Project finance allows highly leveraged structures that permit the sponsor’s equity to receive a fair return that would not be possible otherwise. Most renewable power projects in Europe are financed on this basis. The initial experiences with CSP project financing in Spain suggest that this is the appropriate way to go. As experience accumulates in the sector, the technological uncertainties related to performance will diminish. This fact, combined with the financial sector’s increasing experience in the creation of CSP-specific project financing blue prints, should permit ever faster implementation of projects.
The EIB has adapted its own project-financing standards to seek a maximum complimentarily with the sector, seeking to offer value added to both financiers and sponsors. By assuming the largest shares of direct project risk, the EIB strengthens the deals. It also provides refinancing facilities for the participating banks. In addition, the EIB is financing corporate R&D in renewable energy. The €109 million loan to Abengoa in 2007 and the €230 million loan to Gamesa in 2004 are examples of the type of loans that can be put forth to help accompany the research efforts of corporations active in the renewable energy sector.
The CSP sector has the potential to become competitive with other alternative renewable energies and with fossil energies in a reasonable time. To achieve competitiveness in a short time and in the most effective way, the government support mechanism plays the key role. Incentive mechanisms have to favour cost reductions and limit uncertainties over future regulatory developments. The latter is very relevant to new technologies like CSP, which is in a very early phase of penetration into the market. Uncertainties prevent development of long-term plans to achieve scale effects and to invest in innovation.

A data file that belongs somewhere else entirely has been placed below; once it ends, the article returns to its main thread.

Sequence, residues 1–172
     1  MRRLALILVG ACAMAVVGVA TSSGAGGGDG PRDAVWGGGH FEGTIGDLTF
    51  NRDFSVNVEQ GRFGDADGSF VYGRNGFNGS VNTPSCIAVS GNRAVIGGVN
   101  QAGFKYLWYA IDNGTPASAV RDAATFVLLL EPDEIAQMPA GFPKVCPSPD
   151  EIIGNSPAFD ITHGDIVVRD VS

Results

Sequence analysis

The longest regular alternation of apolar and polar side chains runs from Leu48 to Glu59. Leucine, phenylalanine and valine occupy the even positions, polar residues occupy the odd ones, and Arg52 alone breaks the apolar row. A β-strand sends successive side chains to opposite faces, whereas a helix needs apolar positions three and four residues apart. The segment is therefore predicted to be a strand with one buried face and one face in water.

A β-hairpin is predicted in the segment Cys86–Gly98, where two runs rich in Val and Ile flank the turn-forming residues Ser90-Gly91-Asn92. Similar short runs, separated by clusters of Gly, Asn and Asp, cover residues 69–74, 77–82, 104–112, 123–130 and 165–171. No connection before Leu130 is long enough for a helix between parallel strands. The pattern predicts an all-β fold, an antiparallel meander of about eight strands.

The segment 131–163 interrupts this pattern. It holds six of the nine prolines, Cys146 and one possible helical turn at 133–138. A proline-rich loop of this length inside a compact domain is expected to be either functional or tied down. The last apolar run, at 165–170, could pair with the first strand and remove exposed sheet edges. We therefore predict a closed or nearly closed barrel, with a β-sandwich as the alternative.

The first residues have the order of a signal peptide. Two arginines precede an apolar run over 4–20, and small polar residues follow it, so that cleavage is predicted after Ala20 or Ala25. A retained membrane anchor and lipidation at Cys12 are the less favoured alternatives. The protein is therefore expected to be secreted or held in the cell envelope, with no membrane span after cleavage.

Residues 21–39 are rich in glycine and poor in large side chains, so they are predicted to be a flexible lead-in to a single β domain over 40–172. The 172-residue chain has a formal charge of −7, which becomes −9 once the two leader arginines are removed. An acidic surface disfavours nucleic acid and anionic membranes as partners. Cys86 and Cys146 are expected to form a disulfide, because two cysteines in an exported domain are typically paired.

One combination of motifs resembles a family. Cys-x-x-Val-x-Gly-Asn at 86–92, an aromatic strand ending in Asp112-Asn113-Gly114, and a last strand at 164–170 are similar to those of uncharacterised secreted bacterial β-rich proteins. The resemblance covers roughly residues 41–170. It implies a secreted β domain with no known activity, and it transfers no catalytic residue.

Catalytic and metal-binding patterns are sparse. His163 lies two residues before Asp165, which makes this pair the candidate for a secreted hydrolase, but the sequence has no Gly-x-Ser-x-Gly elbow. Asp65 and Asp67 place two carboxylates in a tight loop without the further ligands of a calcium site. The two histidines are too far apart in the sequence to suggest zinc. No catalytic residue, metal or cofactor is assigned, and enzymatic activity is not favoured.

At the early phase of development of a new technology, such as is the case for CSP, the sector is characterized by the presence of small and medium-size enterprises that manufacture equipment. These enterprises are normally the ones that promote innovation in the sector. They are generally undercapitalized and under-funded. Additionally, even if a financial support mechanism has been put in place to support the expansion of CSP, there are often regulatory and permitting issues that may create obstacles to the development of the market.